Huawei is leaning heavily on Artificial Intelligence technology with the P30 and P30 Pro, and it works. Manual camera settings are still available for those with the photography experience to make the most out of it, but an automatic photography director AI can make decisions about camera settings for you on the fly much faster than you could yourself.

    Huawei's AIS image stabilisation helps to ensure images remain sharp and lets you do long exposure shots without a tripod. The technology is also applied to video, with combined AIS and optical image stabilisation helping you make smoother videos without any bulky external equipment. The AI-based Hybrid zoom also provides decent lossless zoom up to 5x on the P30 and 10x on the P30 Pro.

    Use of AI doesn't stop when the photo is taken either, with Huawei's AI-based HDR+ system analysing the scene and figuring out how to modify exposure levels across the image for a clearer result. You can take a photo with large variations in brightness or poor lighting conditions and the phone will to produce a much clearer final image, and of course the Night Mode is improved over the P20.

    Hands on camera experience:

    I got some hands-on time with the P30 Pro's camera in both controlled and real world conditions, and was pretty impressed with the results. It has all the trappings of a modern smartphone and is as quick and responsive as you'd expect from the latest generation of mobile tech, but if you already have a current generation phone then you won't see much improvement in performance. Everything that makes the P30 phone special is crammed into the camera.

    This is the first AI-based camera tech I've tried that really feels like it works right out of the box. The software does a good job of picking appropriate settings for whatever you're photographing, and the automatic depth of field effect and HDR+ can turn an average shot into great-looking photo with no effort. While experienced photographers will probably set up their shots and settings manually and bring a tripod anyway, the AI director and image stabilisation were a revelation for a complete novice like me.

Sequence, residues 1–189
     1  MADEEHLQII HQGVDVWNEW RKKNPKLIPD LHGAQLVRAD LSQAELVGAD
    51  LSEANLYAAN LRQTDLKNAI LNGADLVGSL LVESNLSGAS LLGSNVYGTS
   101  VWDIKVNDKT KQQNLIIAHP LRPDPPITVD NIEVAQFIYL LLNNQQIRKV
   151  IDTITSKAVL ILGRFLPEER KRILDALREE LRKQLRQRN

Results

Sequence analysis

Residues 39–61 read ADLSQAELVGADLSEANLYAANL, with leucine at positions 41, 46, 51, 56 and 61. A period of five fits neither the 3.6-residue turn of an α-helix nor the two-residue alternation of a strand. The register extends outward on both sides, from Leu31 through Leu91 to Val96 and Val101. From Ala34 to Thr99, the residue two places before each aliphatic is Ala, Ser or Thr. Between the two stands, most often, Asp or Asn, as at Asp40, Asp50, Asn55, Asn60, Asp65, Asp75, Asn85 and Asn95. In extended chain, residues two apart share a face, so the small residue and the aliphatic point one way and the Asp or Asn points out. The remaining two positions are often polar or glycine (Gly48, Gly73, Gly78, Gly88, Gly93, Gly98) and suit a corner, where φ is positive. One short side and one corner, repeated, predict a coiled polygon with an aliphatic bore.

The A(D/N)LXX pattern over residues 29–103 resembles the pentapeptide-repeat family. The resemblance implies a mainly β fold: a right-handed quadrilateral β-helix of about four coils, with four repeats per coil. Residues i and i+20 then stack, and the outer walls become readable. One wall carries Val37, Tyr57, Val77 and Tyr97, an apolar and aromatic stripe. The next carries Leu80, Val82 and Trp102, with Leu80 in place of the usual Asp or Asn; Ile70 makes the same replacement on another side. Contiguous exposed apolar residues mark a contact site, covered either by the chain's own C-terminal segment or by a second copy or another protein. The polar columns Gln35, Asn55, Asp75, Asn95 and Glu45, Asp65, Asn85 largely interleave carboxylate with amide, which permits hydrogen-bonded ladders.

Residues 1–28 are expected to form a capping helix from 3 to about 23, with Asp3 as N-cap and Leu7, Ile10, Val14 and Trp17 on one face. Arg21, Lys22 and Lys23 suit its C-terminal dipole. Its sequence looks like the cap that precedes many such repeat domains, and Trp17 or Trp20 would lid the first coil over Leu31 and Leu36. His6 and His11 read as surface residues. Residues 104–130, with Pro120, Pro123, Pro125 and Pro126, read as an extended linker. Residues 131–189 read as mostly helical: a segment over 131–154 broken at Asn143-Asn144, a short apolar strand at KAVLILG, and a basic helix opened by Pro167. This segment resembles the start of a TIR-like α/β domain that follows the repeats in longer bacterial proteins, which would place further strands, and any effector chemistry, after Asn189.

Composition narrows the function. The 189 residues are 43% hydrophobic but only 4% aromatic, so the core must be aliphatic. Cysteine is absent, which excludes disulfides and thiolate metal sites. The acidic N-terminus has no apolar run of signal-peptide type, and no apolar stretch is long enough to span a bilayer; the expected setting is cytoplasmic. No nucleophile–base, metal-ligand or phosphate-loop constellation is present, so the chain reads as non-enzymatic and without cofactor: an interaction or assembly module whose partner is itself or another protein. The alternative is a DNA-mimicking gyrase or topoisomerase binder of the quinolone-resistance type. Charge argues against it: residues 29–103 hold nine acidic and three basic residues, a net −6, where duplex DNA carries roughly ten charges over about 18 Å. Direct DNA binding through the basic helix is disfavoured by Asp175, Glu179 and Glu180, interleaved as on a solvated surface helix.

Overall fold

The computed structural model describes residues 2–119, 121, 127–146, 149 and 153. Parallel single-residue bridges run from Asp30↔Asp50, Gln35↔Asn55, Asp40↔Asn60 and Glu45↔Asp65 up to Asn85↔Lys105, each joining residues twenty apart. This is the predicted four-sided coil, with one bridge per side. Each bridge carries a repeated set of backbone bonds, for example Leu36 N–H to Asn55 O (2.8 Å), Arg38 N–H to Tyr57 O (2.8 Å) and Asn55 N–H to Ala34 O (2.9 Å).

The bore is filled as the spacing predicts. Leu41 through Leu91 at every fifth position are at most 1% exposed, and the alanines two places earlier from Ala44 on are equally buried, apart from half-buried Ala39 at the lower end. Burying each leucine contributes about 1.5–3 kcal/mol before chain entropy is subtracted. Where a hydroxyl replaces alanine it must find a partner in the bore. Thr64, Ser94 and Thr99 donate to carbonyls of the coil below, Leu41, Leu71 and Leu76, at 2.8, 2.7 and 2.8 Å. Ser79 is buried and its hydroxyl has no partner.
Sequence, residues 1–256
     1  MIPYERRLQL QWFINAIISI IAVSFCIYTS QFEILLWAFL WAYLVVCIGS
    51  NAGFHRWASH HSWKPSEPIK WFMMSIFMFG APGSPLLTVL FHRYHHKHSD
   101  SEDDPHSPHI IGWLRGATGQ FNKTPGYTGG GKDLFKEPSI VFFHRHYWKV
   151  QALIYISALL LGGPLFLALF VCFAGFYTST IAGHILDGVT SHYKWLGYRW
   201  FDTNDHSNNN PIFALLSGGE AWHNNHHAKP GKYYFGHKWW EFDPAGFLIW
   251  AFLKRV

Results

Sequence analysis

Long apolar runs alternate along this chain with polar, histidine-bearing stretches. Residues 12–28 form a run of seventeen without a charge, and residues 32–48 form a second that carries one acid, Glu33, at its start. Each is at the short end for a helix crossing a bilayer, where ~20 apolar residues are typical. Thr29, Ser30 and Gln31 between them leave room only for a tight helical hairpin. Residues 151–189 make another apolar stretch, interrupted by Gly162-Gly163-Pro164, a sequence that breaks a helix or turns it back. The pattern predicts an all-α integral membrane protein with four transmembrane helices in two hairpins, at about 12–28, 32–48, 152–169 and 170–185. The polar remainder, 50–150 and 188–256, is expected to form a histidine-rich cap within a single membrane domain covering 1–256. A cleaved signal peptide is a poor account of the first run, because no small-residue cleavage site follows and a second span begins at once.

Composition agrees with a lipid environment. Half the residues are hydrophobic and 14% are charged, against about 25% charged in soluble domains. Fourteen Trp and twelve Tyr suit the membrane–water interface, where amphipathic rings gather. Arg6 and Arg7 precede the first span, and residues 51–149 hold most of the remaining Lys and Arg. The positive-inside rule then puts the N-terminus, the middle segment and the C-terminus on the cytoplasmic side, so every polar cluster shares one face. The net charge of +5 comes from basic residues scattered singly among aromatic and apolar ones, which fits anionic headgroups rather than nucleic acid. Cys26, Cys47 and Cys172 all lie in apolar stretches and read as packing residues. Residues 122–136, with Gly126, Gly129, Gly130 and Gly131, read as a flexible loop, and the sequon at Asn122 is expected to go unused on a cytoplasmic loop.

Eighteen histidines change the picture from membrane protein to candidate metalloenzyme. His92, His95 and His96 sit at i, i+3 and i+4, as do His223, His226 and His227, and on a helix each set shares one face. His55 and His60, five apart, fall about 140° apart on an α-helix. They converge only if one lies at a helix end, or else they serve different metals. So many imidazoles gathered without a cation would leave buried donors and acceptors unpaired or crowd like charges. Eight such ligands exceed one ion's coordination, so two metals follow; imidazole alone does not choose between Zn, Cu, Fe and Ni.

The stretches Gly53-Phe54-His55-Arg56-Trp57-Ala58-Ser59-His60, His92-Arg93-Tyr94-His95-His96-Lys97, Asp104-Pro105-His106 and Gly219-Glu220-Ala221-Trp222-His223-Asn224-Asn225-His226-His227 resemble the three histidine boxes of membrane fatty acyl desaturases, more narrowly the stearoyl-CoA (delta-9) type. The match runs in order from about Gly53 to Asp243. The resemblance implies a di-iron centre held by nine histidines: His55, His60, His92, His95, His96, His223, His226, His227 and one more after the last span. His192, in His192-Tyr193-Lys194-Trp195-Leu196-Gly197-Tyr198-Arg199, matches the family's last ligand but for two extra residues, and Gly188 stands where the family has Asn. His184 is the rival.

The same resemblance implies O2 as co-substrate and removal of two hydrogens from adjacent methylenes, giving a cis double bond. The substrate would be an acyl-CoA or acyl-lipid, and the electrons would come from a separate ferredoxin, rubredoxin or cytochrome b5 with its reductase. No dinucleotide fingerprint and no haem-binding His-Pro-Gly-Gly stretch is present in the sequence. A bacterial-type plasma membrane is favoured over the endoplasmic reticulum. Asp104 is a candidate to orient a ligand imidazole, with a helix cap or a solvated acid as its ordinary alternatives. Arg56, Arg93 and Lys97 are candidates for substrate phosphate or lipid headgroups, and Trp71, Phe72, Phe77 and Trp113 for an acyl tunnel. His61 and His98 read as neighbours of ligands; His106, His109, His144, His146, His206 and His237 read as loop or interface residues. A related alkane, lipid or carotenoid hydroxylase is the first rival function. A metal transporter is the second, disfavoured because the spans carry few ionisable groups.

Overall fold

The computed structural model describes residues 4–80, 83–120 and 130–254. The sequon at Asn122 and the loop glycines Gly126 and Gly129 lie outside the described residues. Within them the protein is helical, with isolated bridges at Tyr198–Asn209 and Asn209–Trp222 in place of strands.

The real benefit I saw in the P30 was the speed and ease with which the tech works -- when it works. You can often just point and click with very little preparation and get professional-looking photos that are ready to share immediately, though it was often tricky to control what the camera was doing. The speed and low effort barrier make it easier than ever to capture a moment before it's over, and the low-light sensitivity is certain to be a hit in nightlife scenes.

    The main drawbacks here were that the AI sometimes couldn't make its mind up when taking a shot, and sometimes it asked me to hold still for a few seconds while it sharpened the image (I imagine by taking more photos to gather more information). The image stabilisation also let me down with my slightly shaky hands when zoomed in, and the manual camera controls weren't as easy to use as I'd hoped.

    That said, I definitely felt the pain when I went back to my last-generation Samsung phone. Now that I've seen what the P30's camera can do, every photo and video I take on an older device feels like a wasted opportunity to capture a better shot. While it won't make you an instant artist, the results from simple point-and-click shots when the AI works combined with the high zoom level and insane light sensitivity do make it easy to take some stunning photos with little expertise.

    About the author

    Brendan is a Sync NI writer with a special interest in the gaming sector, programming, emerging technology, and physics. To connect with Brendan, feel free to send him an email or follow him on Twitter.